Washington County – On November 7 at 8 p.m., polls will close on what some might see as an inconsequential election season. After all, there’s not a single city, county, state, or federal candidate up for election. However, residents in Banks Fire District 13, which encompasses more than 136 square miles including Banks, Buxton, Manning, and Timber, will see measure 34-279 on their ballot this year – a bond to raise $4 million to build a replacement fire station in Buxton, replace aging fire apparatus (one water tender owned by the district has over one million miles logged), and make upgrades and improvements to the Timber Fire Station and Banks Fire Station.
The bond would kick in during the fiscal year 2018 in June, right as an old bond passed in 1999 expires, effectively replacing it. The 1999 bond was used to purchase the land and build the station in Banks.
The 1999 bond originally cost taxpayers $0.46 per $1,000 of assessed value in property taxes; this was later reduced to $0.34 per $1,000 of assessed value after the fire district refinanced and shortened the term and lowered the interest rate on the 1999 bond.
The new bond would cost taxpayers $0.47 per $1,000 of assessed value in property taxes, according to an estimate provided by the fire district.
The Banks Fire District has run into a misconception by the general public, according to Banks Fire District 13 Public Information Officer Scott Adams – around the same time they were drafting the bond for inclusion on the November ballot, the Banks City Council was busy passing the Banks Urban Renewal Plan.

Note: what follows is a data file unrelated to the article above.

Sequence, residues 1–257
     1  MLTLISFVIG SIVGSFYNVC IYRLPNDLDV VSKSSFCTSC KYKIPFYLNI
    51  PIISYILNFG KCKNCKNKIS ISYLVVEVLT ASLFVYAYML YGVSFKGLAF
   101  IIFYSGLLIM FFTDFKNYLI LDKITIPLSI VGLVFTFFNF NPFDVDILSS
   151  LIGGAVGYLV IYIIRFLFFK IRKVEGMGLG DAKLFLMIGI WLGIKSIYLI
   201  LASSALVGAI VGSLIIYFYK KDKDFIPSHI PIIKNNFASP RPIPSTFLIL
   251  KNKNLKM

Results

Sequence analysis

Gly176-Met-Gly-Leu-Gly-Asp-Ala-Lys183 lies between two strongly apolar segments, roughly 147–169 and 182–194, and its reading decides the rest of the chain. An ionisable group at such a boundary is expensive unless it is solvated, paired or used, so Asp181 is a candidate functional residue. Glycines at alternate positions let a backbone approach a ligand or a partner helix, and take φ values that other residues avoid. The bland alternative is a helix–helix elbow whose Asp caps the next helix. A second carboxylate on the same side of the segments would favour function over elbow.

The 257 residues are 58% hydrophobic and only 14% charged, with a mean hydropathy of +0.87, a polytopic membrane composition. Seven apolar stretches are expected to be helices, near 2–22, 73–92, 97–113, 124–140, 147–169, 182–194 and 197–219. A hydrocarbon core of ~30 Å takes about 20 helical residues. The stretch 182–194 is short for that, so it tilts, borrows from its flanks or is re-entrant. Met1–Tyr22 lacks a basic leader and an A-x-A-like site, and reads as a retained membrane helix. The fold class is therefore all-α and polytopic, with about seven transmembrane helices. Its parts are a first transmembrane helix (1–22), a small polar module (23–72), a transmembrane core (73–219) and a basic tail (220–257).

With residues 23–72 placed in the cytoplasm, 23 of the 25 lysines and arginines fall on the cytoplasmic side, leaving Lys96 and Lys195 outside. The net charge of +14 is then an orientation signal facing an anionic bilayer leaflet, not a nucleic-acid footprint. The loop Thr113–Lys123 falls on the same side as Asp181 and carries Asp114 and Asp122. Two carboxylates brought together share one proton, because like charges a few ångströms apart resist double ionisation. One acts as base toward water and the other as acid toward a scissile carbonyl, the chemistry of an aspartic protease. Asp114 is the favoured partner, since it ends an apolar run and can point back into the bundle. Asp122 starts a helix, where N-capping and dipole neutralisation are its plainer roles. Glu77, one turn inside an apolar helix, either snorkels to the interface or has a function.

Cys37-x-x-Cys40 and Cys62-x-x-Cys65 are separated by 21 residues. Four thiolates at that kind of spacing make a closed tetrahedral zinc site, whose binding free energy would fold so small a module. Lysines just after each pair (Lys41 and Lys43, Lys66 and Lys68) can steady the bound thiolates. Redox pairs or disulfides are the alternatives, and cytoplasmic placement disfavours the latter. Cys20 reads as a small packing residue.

The Banks Urban Renewal Plan would freeze the tax base within a certain portion of the City of Banks, causing the Banks Fire District to lose an estimated $3.1 million in property taxes over the 31 year time frame that the Urban Renewal District is in effect.
To mitigate this impact, the city has tentatively earmarked about $1.4 million in funds, spread out over the 31 year period of the Urban Renewal Plan, to the fire district. But according to Adams, these funds aren’t locked in place, and the City of Banks isn’t actually obligated to pay the Fire District anything. If funds are received from the city to offset some of the losses in tax revenue to the Fire District, they would be given in installments over the 31 years and are separate from bond revenue.
Below is a preliminary plan of the new building that would replace the existing structure in Buxton should the bond pass. The current station was built in 1960. Banks Fire District 13 Chief Rodney Linz says the 57-year-old station in Buxton is too small to improve the district’s service in the area. The Buxton station currently consists of a two-vehicle garage and a mobile trailer behind the station that houses a restroom and small office. The structure is located on a corner lot that will not have room for a new station, leaving the Banks Fire District looking for property to build the proposed new station on.
Election day is November 7; polls close at 8 p.m. Ballots can be dropped off in the ballot box at the Banks Public Library.
Sources and more information:
Chief Rodney Linz
Banks Fire District PIO Scott Adams